Watson Institute for International and Public Affairs

New Prestigious Fellows to Bring Real-World Experience to the Classroom

January 11th, 2016

Continuing the tradition of bringing talented practitioners to campus to share their knowledge and experience with students and scholars through teaching and engagement, the Watson Institute welcomes two new visiting fellows in international and public affairs this semester, both alumni of Brown.. Pamela Reeves ’87 and David S. Rohde '90 LITD'10 hon. will each teach a course in the International Relations program.

Pamela Reeves

Pamela Reeves is an advisor to the Office of Melinda Gates on global women’s issues.  She previously served as director of Secretary Hillary Rodham Clinton’s International Fund for Women and Girls. She has also served as senior advisor to the Nike Foundation, where she designed the Girl Declaration program and built international support for the global development agenda for adolescent girls, and to the United Nations Foundation on Data 2X, an international effort to collate and analyze multi-sectoral, gender-focused data.  

Reeves, who earned her AB in international relations from Brown, will teach a course titled “Global Women’s Issues: Investing in women as a strategy for sustainable growth and global development.”  

According to Reeves, the objective of the course, which will involve a number of prominent guest lecturers, “is to encourage new understanding about the players, approaches and potential in global women’s issues, which should foster a more critical and strategic approach to global development and growth issues.  This class seeks to provide students with a ‘real world’ perspective on how things get done in international relations.”

David S. Rohde  

David S. Rohde is the National Security Investigations Editor at Reuters and a Contributing Editor at The Atlantic magazine. He is a two-time winner of the Pulitzer Prize for International Reporting, the author of three books, and a former foreign correspondent for the New York Times and Christian Science Monitor.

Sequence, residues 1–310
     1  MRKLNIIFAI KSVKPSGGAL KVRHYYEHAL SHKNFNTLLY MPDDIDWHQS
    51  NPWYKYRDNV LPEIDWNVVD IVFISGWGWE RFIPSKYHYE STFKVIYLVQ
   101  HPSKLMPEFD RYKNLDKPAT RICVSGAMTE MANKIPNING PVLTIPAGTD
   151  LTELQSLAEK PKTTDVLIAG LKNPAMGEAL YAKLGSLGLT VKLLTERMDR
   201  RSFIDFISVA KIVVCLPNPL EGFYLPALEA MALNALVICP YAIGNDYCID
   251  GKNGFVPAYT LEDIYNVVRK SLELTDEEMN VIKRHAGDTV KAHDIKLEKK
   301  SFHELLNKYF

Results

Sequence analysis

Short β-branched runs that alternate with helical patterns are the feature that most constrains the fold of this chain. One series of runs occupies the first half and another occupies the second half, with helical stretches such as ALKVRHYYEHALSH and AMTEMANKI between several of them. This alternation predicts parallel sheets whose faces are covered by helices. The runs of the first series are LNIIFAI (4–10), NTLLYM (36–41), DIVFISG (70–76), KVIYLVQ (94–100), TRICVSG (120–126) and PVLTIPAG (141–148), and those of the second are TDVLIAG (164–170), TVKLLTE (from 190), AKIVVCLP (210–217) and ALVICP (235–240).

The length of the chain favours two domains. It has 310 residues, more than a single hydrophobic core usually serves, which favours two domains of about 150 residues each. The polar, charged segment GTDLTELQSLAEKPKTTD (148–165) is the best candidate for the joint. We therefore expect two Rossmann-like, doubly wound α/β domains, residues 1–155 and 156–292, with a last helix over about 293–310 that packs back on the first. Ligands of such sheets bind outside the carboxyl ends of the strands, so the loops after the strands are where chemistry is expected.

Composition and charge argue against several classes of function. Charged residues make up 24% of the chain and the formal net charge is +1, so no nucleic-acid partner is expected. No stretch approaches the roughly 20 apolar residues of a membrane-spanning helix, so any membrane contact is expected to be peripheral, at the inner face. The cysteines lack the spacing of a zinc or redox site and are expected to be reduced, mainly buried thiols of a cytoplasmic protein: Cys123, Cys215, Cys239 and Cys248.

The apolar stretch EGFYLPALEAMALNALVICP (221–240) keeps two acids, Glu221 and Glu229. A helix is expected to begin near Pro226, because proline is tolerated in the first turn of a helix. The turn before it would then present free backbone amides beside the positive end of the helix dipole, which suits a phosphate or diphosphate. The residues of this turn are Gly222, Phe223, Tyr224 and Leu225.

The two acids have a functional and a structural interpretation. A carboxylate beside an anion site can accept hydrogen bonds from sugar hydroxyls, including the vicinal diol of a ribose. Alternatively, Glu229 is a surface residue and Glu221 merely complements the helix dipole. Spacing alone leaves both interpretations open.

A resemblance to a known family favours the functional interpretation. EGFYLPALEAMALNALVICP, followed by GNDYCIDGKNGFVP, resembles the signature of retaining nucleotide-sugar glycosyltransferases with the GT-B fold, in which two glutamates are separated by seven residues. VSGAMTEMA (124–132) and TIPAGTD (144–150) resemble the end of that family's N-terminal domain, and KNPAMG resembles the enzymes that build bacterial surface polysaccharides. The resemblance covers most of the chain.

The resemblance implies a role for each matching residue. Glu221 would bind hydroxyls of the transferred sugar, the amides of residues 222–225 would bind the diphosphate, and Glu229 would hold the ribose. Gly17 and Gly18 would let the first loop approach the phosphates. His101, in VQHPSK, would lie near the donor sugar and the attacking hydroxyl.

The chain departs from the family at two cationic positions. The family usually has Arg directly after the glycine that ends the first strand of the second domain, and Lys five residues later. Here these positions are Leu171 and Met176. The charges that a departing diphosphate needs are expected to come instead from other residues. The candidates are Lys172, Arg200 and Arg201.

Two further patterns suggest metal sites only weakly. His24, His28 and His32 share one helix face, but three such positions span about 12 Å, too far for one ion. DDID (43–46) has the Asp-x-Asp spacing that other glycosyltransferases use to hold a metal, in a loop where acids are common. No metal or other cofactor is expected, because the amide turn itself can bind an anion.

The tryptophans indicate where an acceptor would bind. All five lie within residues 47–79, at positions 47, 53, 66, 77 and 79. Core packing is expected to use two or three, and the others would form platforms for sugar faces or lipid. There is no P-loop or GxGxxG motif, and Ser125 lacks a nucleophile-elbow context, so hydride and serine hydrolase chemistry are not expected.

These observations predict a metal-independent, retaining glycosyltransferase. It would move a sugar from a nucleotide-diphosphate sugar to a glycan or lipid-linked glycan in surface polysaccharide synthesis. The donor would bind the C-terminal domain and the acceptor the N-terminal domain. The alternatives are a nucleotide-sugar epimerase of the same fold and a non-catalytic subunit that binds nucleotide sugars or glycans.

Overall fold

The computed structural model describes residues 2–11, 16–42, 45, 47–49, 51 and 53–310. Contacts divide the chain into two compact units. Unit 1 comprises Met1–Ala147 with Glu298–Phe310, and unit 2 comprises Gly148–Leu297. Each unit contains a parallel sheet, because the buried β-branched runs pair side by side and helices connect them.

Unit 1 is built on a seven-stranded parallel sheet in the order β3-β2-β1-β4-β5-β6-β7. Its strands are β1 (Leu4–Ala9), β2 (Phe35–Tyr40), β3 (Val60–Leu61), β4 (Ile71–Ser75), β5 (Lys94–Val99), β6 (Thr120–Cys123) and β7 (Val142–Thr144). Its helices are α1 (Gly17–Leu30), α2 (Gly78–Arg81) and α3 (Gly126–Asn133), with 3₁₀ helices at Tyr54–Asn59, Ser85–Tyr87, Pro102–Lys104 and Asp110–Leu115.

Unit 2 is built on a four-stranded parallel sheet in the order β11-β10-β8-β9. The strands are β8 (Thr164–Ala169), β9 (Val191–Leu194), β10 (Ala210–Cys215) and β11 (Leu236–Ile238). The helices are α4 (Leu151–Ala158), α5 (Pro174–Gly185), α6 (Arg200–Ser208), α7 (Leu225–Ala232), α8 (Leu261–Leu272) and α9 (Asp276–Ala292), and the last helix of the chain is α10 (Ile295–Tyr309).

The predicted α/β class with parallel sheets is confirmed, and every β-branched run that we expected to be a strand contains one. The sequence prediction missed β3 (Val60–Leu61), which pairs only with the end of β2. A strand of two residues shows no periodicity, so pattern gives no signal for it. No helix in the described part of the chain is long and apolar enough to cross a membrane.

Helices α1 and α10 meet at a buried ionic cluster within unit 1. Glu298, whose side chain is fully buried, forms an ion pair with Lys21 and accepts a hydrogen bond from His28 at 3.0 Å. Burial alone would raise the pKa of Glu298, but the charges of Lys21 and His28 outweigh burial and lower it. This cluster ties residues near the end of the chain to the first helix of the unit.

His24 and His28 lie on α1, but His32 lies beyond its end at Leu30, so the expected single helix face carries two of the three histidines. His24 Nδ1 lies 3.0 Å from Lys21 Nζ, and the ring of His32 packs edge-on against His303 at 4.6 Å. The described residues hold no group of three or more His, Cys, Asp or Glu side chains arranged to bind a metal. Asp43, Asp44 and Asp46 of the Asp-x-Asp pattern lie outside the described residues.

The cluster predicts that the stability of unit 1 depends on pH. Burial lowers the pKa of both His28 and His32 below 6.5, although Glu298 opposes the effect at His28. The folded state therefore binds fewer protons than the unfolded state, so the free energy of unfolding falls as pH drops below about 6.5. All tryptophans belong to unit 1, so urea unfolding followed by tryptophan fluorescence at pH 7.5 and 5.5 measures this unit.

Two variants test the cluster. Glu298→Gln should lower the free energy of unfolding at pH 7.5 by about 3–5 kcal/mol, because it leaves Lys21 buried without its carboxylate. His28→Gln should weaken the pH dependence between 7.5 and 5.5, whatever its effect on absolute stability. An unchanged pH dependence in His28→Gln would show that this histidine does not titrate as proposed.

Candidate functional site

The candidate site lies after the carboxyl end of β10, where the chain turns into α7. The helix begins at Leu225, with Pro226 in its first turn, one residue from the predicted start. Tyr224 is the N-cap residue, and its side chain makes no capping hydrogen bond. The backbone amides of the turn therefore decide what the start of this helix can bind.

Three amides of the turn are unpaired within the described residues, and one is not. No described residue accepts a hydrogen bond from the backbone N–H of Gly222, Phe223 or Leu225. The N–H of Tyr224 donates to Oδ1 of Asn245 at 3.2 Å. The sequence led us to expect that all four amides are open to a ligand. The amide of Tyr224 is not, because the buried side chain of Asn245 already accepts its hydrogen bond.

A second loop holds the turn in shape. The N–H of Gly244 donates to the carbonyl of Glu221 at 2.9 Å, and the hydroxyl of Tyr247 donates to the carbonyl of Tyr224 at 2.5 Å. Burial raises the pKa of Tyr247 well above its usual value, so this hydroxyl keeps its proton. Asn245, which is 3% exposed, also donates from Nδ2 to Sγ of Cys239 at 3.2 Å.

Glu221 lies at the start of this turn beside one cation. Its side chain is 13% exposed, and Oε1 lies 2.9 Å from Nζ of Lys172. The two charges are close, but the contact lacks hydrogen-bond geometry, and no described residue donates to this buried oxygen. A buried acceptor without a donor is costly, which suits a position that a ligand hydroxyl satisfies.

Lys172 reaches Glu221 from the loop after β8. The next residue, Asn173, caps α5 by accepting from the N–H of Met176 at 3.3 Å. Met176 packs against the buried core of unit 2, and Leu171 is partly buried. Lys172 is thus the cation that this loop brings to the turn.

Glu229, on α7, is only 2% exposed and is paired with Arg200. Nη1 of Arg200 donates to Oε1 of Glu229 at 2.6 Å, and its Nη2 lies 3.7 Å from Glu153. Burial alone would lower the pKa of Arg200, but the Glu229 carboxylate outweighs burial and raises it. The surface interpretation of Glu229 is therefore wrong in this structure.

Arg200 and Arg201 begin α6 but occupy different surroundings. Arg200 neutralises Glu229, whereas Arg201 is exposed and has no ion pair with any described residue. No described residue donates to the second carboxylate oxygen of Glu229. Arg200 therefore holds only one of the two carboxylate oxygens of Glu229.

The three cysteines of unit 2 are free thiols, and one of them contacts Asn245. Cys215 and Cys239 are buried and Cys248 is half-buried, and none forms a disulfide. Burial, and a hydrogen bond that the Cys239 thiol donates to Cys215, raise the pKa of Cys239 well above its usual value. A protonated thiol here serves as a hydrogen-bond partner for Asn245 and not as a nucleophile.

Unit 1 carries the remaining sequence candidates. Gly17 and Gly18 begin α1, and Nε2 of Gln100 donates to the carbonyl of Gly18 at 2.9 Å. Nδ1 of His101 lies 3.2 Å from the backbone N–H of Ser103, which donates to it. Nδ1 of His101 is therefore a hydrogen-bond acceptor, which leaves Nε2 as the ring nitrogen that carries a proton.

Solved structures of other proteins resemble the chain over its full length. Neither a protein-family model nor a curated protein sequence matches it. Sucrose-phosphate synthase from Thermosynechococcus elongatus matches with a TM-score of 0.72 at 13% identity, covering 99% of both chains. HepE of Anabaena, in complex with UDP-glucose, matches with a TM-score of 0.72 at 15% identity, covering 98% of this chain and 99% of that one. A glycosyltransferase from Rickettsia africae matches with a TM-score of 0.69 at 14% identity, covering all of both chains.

His most recent book is Beyond War: Reimagining America's Role and Ambitions in a New Middle East. He is also the author of Endgame: The Betrayal and fall of Srebrenica, Europe's Worst Massacre Since World War II, and co-author with his spouse, Kristen Mulvilhill, of A Rope and a Prayer: The Story of a Kidnapping, an account of his 2008 kidnapping in Afghanistan by members of the Taliban, and his eventual escape following seven months in captivity.

Rohde, who earned his AB in history from Brown, will teach a course titled “Richard Holbrooke and the rise and fall of American power.”

According to Rohde, who covered and knew Holbrooke for more than twenty years, “To an uncanny extent, the life of Richard Holbrooke mirrors the rise and fall of American power in the late 20th and early 21st centuries. “ Students will use the real-world triumphs and frustrations of Brown graduate and American diplomat Richard Holbrooke to debate what American foreign policy should be today.

Holbrooke, who worked for every Democratic president since John F. Kennedy, spent his 20s trying to broker peace in Vietnam, miraculously succeeded at bringing peace to Bosnia in his 50s, and died of heart failure at 69 while trying to implement a “civilian surge” in Afghanistan. His life will be used to explore three pivotal US military interventions – Vietnam, Bosnia and Afghanistan – and how they revealed the promise and limits of American power.